Publishing a book is a monumental moment for any writer. It’s probably something you’ve dreamt about for years, but you also know that the chances of getting a book agent and a traditional publishing deal are slim to none. Not because your book isn’t good enough, but rather because the market is flooded with book proposals. Failing to get an agent to pay attention to you does not mean your book doesn’t have value, or a potential market; it just means you are going to do a lot of the work yourself – and that’s okay! 

So how do you know if you are ready to self-publish your book? 

(Side note: there are more than one way to publish a book, and we go over the different types with their advantages and disadvantages in this article: Should You Self Publish)

If you’re leaning toward self-publishing but aren’t sure if you and your book are ready to take the plunge, here are 8 signs you are ready to self-publish your book. 

1. Your book is fully edited

All books whether traditionally or self-published deserve the same level of professional editing. If your book has been through a developmental editor, copy editor, and beta readers and with each round you have continued to make improvements until you find nothing left to change then your book is ready for publishing. 

2. You have a handle on all the elements of book marketing 

Self-publishing a book also means knowing how to market a book. If you have taken a book marketing course, or read up on all the best book marketing blogs and have mapped out a book launch plan then you are ready to self-publish. 

3. You’ve started building your audience

Whether it’s an author website, a blog writing strategy, social media channels or all of the above, if you are already knee-deep into your author platform building and have gained a hefty amount of followers who are engaged with your content then you are ready to self-publish.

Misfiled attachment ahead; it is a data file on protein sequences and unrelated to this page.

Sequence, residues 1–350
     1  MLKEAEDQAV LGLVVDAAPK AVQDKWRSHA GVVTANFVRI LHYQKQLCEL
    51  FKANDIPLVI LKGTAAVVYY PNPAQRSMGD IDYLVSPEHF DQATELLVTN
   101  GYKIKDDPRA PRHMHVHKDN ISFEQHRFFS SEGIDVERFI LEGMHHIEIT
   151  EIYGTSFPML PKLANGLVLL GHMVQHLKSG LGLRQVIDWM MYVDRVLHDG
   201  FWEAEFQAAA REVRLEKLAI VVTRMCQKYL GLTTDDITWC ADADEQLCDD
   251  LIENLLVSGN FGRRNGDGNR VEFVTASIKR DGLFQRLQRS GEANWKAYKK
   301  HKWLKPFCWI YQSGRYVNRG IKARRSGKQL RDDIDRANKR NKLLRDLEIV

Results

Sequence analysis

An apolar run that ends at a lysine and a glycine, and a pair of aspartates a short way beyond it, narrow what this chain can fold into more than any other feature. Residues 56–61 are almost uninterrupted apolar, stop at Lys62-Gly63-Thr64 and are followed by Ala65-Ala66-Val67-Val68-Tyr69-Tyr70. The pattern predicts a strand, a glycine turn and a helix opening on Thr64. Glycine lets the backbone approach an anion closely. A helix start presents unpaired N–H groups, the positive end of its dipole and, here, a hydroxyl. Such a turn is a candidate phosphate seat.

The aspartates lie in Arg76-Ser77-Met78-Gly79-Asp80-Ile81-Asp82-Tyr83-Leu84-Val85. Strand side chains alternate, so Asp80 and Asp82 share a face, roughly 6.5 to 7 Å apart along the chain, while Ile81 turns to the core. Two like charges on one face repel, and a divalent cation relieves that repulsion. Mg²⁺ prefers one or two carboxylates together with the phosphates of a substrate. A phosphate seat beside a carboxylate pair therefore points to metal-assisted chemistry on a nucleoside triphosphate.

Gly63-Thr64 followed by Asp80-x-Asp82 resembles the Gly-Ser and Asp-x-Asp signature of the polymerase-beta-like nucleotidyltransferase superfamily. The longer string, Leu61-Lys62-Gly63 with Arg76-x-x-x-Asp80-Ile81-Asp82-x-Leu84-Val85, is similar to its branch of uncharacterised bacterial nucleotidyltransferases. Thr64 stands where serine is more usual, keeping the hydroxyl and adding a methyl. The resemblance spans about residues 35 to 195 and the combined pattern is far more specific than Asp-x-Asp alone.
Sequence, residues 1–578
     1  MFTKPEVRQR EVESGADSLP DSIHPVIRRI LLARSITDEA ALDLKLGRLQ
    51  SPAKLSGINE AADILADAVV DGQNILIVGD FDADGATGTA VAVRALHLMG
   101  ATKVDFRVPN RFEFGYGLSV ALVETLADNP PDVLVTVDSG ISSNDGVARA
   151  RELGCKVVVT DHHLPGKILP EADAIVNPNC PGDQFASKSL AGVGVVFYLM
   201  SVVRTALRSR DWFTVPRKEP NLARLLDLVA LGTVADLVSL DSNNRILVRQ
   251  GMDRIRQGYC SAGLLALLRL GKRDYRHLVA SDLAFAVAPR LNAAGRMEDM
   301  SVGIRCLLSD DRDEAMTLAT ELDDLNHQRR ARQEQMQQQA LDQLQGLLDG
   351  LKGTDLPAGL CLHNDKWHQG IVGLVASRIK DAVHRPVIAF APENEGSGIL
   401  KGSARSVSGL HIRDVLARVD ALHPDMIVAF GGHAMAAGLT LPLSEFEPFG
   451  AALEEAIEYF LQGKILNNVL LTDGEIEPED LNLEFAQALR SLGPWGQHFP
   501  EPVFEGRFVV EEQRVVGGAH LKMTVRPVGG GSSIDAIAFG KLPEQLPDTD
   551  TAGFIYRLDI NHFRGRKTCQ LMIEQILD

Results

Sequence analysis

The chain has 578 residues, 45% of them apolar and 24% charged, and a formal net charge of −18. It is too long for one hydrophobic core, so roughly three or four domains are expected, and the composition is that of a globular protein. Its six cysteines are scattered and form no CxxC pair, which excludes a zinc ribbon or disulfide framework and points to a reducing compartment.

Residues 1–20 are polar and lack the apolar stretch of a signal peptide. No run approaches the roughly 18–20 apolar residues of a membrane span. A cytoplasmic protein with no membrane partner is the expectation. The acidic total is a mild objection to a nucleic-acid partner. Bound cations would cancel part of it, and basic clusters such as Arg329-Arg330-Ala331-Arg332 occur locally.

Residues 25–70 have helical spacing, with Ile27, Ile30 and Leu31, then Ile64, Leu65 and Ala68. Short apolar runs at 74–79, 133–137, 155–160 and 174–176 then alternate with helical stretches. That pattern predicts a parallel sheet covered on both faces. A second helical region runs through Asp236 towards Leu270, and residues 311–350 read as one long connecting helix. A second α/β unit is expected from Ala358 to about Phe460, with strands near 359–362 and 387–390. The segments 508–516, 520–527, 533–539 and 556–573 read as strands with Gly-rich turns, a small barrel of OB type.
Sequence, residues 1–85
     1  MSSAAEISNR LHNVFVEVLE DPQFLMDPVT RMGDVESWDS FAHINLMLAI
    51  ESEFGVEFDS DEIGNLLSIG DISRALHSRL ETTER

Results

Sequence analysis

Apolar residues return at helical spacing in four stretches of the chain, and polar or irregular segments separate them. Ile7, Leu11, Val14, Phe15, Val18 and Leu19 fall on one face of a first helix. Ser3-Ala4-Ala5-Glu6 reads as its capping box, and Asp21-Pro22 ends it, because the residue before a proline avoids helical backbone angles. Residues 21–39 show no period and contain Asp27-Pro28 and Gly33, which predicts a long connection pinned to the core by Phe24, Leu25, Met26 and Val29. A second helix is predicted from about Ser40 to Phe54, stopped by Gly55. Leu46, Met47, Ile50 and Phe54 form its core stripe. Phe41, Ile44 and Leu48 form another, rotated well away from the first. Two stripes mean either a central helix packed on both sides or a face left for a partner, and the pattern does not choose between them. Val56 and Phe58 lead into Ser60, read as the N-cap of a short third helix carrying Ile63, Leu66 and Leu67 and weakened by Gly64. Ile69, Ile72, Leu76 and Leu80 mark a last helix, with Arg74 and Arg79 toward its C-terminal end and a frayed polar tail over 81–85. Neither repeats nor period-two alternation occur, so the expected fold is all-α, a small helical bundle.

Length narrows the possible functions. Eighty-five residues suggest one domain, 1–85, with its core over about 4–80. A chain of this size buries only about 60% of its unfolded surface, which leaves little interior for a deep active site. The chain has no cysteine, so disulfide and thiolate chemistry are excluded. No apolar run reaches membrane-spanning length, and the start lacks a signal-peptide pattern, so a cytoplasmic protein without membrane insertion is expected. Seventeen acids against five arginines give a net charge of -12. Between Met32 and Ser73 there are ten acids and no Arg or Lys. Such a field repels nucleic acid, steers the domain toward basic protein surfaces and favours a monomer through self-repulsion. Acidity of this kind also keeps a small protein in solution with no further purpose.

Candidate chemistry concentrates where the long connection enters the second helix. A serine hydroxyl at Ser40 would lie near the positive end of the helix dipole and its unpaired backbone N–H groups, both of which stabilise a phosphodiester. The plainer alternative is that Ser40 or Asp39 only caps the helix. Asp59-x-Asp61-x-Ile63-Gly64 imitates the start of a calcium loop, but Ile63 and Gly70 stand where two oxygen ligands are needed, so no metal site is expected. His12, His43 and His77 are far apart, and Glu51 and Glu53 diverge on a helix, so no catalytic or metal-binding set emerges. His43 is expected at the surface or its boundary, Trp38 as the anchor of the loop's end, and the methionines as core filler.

4. You like the idea of having complete design control over your book

Having complete control over the book design process does not mean having to do it yourself. But if the idea of finding and hiring a freelance cover designer, and researching interior formatting designers to find the right one to bring your vision to life excites you then you are ready to self-publish. 

6. You aren’t afraid of DIY

While we are big proponents of hiring experts to make your self-publishing book a success, there are still many aspects of self-publishing that are DIY and that, depending on your skill and comfort level, you can do yourself. You may decide to hire a cover designer and formatter, but handle distribution and all the book marketing yourself. 

The great thing about self-publishing is you can find expert help when you need it, or if you are willing to do the research and put in the work you can handle a lot of it on your own and have just as much success. 

7. You know your author goals 

If you are crystal clear on your author goals and self publishing will accomplish all or most of them, then you are ready to self publish. If your goals include things like seeing your book in bookstores, or making the New York TImes best seller lists, then you might want to consider a more traditional route. But if your goals include things like getting readers, retaining all of your royalties, and having full having creative control then you are ready to self-publish. 

5. You’re in a time crunch

Self-publishing is usually much faster than traditional publishing– which can take a year or more to land a book agent, another 12 months to get a publishing deal, and then equally as long to adhere to their publishing schedule. Self-publishing on the other hand can happen much quicker thanks to print-on-demand technology. If waiting two years to get your book out in the world doesn’t sound appealing then you might be a good candidate for self-publishing.

Just remember to remain realistic with your expectations about how long it takes to self-publish a book, and don’t sacrifice quality to save time. 

8. You have more books planned

The most successful self-published authors have more than one book. So if your first book is ready for publishing and you have more up your sleeve then it’s time to get book one out the door. 

Share This